“This Mural has inspired me to reach for the stars,” said Keilah Ryan, a 14-year-old student of the Montserrat Secondary School (MSS).
Ryan shared her reflections on the experience of being one of 15 students to work on the first in a series of murals unveiled Monday as part of the Curating Crises Project.
The project, is led by Professor Jenni Barclay of the University of East Anglia, in collaboration with University of Oxford, The Royal Society, The National Archives, The Seismic Research Center and the Montserrat Volcano Observatory.
Students from the MVO Afterschool programme at the MSS were part of the creative activity which was preceded by field trips, and an Easter workshop with the artists from the non-profit organisation, The Goodness Tour who prepared them for the painting project.
Ryan said the students were divided into two groups of eight with one set conducting the filming while the other group did the mural painting and they would alternate this twice a day.
“In Mr. Jerry’s imagination class we learned about awesome ways on how to use AI and how our creative imaginations can become a reality. We also learnt how to use the different types of cameras and how they function and how we can capture any moment in time,” Ryan told the gathering on Monday morning.
“In the thunder clapping mural class of Mr. Ben and Ms. Amanda… we learnt that there are only happy mistakes when it comes to art. We also learned that we could make scribbles and make them into something fascinating. We also discussed how this mural can inspire students to push forward and achieve their goals. Between the different groups we all had our ideas but some didn’t make the final cut. For example the first group decided that the boy should have oriole wings and the other group was like nah we ain’t having that lets put dragon fly wings instead.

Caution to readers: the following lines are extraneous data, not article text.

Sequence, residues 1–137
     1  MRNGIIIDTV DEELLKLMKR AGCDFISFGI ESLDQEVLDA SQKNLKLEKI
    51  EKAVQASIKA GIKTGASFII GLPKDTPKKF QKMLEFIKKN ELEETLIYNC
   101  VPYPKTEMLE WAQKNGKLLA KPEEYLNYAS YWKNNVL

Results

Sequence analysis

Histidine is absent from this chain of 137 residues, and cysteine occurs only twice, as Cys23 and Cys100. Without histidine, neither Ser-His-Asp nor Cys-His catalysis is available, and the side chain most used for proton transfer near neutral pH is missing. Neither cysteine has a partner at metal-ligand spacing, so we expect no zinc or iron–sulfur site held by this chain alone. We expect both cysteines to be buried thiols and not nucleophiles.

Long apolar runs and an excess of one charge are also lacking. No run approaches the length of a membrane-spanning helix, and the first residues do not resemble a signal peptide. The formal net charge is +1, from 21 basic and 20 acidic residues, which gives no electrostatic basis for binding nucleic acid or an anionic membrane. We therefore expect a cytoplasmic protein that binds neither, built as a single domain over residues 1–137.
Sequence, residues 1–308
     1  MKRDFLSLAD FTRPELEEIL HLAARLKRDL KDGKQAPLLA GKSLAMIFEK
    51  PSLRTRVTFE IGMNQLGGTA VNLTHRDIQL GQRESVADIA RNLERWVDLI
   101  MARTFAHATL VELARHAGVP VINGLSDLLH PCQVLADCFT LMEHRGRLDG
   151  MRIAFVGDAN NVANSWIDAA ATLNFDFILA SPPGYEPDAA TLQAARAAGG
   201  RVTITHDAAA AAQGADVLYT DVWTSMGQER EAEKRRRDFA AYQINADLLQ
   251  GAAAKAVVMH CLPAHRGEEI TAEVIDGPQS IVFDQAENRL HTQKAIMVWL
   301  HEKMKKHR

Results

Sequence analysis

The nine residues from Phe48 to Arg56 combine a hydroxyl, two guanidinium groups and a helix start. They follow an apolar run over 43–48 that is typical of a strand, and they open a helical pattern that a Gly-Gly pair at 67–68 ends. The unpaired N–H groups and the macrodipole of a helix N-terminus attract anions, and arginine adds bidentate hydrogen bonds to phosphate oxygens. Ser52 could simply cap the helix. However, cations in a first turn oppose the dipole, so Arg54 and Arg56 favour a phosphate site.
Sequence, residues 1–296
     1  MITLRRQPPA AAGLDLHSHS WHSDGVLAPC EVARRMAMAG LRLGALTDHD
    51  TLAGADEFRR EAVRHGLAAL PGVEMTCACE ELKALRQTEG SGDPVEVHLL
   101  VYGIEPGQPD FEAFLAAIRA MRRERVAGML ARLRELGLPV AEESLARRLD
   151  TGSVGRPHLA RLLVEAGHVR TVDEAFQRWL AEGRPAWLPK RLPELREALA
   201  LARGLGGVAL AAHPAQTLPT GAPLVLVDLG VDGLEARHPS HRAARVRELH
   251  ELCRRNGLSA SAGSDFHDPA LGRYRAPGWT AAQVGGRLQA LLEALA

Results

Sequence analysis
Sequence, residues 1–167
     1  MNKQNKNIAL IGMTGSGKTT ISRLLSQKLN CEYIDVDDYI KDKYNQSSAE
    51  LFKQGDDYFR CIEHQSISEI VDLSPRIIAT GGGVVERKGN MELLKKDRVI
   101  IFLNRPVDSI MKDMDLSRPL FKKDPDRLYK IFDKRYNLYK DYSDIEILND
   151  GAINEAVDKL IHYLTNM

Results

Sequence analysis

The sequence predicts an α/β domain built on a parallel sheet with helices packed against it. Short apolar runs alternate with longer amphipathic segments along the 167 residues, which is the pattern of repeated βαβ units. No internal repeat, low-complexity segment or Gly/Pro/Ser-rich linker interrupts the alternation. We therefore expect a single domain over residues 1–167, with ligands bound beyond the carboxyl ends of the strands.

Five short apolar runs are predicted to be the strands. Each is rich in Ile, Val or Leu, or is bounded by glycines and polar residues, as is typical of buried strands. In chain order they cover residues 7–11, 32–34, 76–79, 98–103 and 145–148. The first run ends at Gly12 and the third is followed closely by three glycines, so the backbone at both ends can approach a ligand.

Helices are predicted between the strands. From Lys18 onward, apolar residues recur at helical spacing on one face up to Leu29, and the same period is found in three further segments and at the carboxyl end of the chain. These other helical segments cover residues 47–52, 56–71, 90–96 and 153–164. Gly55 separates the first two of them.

“In our last days of deciding our mural we asked ourselves, will this motivate our school mates and friends ? Well, we found it inspirational because this will encourage students to push forward until the very end. This mural has inspired me to reach for the stars. Over the three years that I have been here it’s been like a jungle with different obstacles and challenges that I will face to the very end of MSS. So, I will continue to spread my wings and soar like a butterfly,” the third form student shared.
As part of the Curating Crises Project, murals will also be painted on the Victor’s Supermarket in Davy Hill, Montserrat Port Authority Building and in Salem.
According to the MVO, this research project, explores the impacts of colonialism on the creation and sharing of the scientific knowledge in response to volcanic crises in the Eastern Caribbean; focusing on several volcanic and/or seismic crises in several places, particularly St. Vincent, Dominica and Montserrat and is funded through the UK Research & Innovation department ‘Hidden Stories’ research grant.
“Using roughly a similar approach as we did with the Mountain Aglow project at the primary schools, the “Curating Crises” utilized several artistic/scientific activities, such as mural painting and film-making to impact our community through increasing volcanic risk awareness and bringing to the forefront our rich history, environment and culture,” said an MVO social media post about the project.
The first mural, which can be seen on the side of Block D on the Salem campus was designed by: Keilah Ryan, Hadassah Williams, Amara O’Donoghue, Muskaan Jeswani, Thaisia Hilton, Ronardo Ward, J’alee Bryan, Alyssa Dubery, Tori-Kay Perkins, Neron Wilson, Shekinah Persaud, Nathan Alexander Louis, Joshua Fenton, Sammay Sinclair, and Jordain Gerald.
Made possible through the creative guidance of the artists Benjamin and Amanda from the Goodness Tour, this mural was executed through the kind patronage of Nigel Osborne Enterprise Ltd and Shamrock Industries Ltd..
The MVO plans to release a short documentary made by the students who have been mentored by Jeremiah of the Goodness Tour and Montserratian filmmaker Jerely Browne.